“Fuck me, he cleared it!”
The buzz is a-building about Carrie Lofty’s What a Scoundrel Wants since the buzz-o-matic Ann Aguirre launched a viral contest to spread the word about Lofty’s debut with Kensington. I read this book a few weeks ago, and I have to say, Lofty set herself for a hell of a task: she took a legend with which most people were familiar, and a setting and time period that hadn’t been visited within the romance genre in a very long while, and placed a romance among characters who are so familiar and enduringly popular that readers who pick up this book may already have a visual for the hero in mind, whether it’s Christian Slater from Prince of Thieves, source of the quote above, or Harry Lloyd from the BBC version of Robin Hood. Or maybe you hear the name “Robin Hood” and think of and think of foxes, bears, and lions. No matter how Lofty describes Will Scarlet, her description may be overridden by the reader’s preference. Plus, how to handle the epic overshadowing potential of Robin himself? Can a secondary character in a legend that dates back to the 14th century be a hero?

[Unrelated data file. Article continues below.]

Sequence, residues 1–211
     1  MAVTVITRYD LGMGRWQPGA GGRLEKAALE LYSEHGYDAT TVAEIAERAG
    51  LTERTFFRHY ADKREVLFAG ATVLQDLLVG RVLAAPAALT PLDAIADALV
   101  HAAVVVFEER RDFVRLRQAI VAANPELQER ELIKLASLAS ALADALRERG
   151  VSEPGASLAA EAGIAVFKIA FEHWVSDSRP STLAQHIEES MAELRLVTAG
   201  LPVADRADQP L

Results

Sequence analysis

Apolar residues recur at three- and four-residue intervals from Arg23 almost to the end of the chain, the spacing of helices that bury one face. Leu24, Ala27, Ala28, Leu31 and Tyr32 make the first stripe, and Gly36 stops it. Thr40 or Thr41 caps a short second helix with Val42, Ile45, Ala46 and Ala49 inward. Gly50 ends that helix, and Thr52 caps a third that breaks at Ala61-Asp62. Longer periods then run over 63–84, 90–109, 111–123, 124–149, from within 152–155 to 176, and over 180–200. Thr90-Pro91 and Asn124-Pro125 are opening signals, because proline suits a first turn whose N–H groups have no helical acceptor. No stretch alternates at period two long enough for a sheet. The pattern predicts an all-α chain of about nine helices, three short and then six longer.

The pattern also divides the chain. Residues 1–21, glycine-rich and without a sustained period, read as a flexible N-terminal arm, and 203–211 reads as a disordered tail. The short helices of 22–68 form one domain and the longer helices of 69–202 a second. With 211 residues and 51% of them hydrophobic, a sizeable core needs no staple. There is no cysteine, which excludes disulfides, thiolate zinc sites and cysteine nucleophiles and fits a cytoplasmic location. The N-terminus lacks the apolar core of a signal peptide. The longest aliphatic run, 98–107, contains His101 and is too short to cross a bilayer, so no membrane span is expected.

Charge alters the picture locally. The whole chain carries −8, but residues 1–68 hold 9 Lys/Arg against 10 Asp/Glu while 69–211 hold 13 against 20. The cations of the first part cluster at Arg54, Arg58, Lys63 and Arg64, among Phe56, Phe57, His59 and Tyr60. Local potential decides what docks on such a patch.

The story opens with one of the best first lines I’ve read in awhile: “Will Scarlet hated trees.”
Will Scarlet is also in deep shit. He’s about to ambush a coach traveling through the woods, and when the rush commences, he realizes that something is way rotten in that forest among the not very merry men with whom he’s fighting. Meg of Keyworth is also in deep shit. She’s blind, her sister’s been arrested (by Will – oops), and her alchemic experiments have caught the eye of many a nefarious character who seeks to take advantage of Meg, and of her blindness, and to top that, her coach was just ambushed in the woods. When Will realizes that the double crossing might be increased by an exponent of 436, and Meg realizes that she has to rely on Will whether she wants to or not (and she doesn’t, really, see above re: sister), the layering of internal and external conflict is a fourteen-foot Napoleon torte of deep shit.
Will Scarlet is tremendously enjoyable. His dialogue is sardonic and sarcastic and with each successive scene he staples on a sense of disinterest, while every now and again betraying his inner reaction to the situations he finds himself in. To wit: “Ohshitohshitohshit. Ok, play it cool.” He’d be the actor with the slightly manic eyes and the utterly still expression on his face.